New Delhi: Three Bharatiya Janata Party (BJP) MPs – MJ Akbar, Syed Zafar Islam and Mukhtar Abbas Naqvi, who are also ministers in the Union Council, will have no Muslim representative in the Rajya Sabha after their term ends in June. -july.
Akbar, who was also the junior minister of foreign affairs until October 2018, will retire on June 29, and Islam and Naqvi will retire on July 4 and 7 respectively.
In the Lok Sabha, Mehboob Ali Kaiser of the Lok Jan Shakti Party is the only Muslim representative of the NDA.
According to the 2011 census, Muslims constitute a little over 14% of the population.
While the absence of Muslim faces is seen as under-representation of the minority community in the party, BJP leaders say that not giving tickets to Muslims to contest elections in the Assembly and Parliament is not a reflection of the party’s policies.
“The law cannot be stopped or passed just because of the support of one community, you need the support of different parties,” a BJP leader said on the condition of anonymity.
The leader said the separation between the party and the community, which is manifested by the lack of electoral representation, can also be attributed to the lack of response from the minority community.
“Since there is no backlash, the party has decided to end tokenism and focus on its core constituents.”
A second BJP leader, requesting anonymity, said that the party does not follow a policy of boycott, and blamed the situation on a narrative that its political opponents have woven over the years, which, according to them, allow Muslims to themselves. Keeps distance from Celebration. “There is a sense of alienation… and it has strengthened over the years. None of the policies of the Modi government can be faulted for being anti-Muslim, but did the community give up its apprehension and dislike for the party? Is?” The leader asked.
The BJP, which won 303 out of 543 Lok Sabha seats in 2019, won West Bengal with only Khan. In 2014 also, the party had given tickets to two Muslim candidates in West Bengal, one each in Lakshadweep and Bihar and three in Jammu and Kashmir, but none of these candidates were elected.
Another BJP leader claimed that though the number of Muslim MPs increased from 22 in the 16th Lok Sabha to 27 in the 17th, the overall trend shows that other parties are also weighing their choices.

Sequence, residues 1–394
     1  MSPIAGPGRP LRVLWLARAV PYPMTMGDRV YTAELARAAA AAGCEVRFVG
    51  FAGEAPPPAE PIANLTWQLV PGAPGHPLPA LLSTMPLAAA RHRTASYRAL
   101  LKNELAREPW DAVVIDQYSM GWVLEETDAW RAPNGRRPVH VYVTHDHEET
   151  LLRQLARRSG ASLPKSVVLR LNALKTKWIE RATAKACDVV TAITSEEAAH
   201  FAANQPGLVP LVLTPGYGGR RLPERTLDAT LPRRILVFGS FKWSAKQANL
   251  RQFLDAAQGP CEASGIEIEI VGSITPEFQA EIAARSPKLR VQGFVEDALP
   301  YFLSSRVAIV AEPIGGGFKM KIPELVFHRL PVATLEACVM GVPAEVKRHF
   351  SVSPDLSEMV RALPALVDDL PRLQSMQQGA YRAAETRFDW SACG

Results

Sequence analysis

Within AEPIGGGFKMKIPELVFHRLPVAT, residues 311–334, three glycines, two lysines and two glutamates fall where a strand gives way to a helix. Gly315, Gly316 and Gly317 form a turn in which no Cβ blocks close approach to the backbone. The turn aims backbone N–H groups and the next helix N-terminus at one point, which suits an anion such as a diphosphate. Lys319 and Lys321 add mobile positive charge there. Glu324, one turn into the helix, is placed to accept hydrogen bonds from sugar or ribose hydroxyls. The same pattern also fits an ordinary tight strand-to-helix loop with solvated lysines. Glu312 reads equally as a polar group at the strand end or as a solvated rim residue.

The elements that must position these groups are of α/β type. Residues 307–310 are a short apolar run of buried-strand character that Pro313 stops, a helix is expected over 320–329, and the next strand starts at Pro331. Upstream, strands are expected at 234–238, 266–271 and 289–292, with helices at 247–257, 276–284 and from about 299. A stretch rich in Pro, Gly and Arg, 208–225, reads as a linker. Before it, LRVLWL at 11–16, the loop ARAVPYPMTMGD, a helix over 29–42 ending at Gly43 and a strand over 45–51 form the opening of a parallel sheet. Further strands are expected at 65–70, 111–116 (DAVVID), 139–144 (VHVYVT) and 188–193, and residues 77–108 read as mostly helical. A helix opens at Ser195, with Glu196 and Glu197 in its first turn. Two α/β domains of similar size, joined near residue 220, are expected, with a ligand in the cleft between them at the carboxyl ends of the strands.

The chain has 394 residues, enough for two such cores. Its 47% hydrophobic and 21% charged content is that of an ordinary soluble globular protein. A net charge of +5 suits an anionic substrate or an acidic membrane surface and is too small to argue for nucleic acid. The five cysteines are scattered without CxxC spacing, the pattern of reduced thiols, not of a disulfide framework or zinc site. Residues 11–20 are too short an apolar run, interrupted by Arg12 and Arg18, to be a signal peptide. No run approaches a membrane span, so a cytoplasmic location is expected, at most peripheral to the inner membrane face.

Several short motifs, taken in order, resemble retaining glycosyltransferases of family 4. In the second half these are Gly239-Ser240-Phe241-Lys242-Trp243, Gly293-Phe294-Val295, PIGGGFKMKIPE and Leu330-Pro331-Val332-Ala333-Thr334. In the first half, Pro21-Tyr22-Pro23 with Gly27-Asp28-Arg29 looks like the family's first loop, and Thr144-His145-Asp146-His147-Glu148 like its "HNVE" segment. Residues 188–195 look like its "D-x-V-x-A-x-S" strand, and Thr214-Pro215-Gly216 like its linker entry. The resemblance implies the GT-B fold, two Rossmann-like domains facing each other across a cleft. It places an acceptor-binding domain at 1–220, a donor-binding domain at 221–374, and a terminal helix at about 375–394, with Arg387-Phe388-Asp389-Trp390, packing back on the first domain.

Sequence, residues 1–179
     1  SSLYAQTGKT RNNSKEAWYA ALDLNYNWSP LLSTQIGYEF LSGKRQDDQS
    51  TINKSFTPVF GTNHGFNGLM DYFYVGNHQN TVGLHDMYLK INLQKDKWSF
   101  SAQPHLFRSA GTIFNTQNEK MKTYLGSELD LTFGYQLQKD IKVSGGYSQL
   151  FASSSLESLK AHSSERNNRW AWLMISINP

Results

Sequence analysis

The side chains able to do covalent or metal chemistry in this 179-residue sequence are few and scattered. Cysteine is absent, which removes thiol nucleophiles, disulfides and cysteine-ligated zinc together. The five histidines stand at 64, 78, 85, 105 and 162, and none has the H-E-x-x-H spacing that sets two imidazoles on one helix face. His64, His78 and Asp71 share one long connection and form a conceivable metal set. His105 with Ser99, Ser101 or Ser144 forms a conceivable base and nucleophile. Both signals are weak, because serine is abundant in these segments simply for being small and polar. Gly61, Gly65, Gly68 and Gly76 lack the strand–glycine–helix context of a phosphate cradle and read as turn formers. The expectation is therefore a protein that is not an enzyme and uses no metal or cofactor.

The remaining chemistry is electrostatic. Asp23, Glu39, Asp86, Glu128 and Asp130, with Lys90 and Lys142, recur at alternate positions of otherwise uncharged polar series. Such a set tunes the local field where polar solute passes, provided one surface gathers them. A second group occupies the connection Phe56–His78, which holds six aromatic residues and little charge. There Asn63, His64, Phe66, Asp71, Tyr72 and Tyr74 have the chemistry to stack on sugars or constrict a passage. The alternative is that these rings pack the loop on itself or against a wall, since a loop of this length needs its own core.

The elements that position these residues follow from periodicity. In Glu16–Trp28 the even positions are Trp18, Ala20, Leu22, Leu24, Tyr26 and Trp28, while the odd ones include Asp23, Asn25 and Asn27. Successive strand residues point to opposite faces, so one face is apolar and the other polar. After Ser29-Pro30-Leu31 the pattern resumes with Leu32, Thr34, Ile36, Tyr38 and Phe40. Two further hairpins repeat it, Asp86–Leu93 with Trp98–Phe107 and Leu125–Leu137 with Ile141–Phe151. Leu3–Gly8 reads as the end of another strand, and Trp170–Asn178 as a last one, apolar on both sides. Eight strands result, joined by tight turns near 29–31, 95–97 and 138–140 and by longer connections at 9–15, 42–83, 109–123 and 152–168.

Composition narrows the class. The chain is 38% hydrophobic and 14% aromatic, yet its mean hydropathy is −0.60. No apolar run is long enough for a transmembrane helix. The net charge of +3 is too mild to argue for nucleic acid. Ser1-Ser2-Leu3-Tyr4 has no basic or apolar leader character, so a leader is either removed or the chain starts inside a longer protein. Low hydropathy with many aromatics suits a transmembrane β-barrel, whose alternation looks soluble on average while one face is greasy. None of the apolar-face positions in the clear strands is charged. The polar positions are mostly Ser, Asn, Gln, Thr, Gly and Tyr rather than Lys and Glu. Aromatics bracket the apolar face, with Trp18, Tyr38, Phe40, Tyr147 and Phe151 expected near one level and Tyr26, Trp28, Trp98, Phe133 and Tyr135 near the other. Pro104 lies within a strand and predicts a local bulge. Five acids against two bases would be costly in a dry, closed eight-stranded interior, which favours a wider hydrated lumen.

“It is a myth that the BJP is somehow responsible for the under-representation or lack of representation of Muslims in electoral politics. If you only want to take up the matter of Lok Sabha, the representation has been more or less the same time. In 1952 they were about 4% Muslims in the Lok Sabha, this trend continued for a few years and in 1980 this figure increased to 9%. But then it started declining again and hovered between 5 to 6%,” said another leader.
He further said that even “so-called secular parties” like the Congress have given fewer tickets to Muslim candidates over the years. “One should also take a look at regional parties; Barring the Samajwadi Party and TMC, which count Muslims as an important vote bank, most other parties have also given nominal representation to Muslims.
BJP’s Minority Morcha national president Jamal Siddiqui said that the party does not believe in propaganda of vote bank politics. “The country’s first education minister was a Muslim, yet look at the level of literacy among the community. To assume that a person from a particular community is in a position of power, will only work for the betterment of that community, is wrong. When the minister When they take oath of office, they take a pledge to serve all and this is also at the core of Modi government’s governance mantra of Sabka Saath, Sabka Vikas.
What its critics call anti-minority sentiment, the BJP claims it is the opposite of appeasement. Addressing the media on Monday, party president JP Nadda, while addressing the media on Monday, said the party believes in “justice for all and appeasement of none”.
The BJP is attempting to form an alliance of Hindu castes with its ideological mentor, the RSS, and the “not appeasement, not token” sentiment is seen as an attempt to keep its flock of supporters close.
Sanjay Kumar of the Center for the Study of Developing Societies said that the BJP is clear in giving the message that it is not interested in appeasement of minorities. “…and when I say minority, I mean Muslims. The party does not see the absence of a Muslim representative as a move that will make a mark nationally or internationally. On the contrary, it is their main support. Will help strengthen the base.”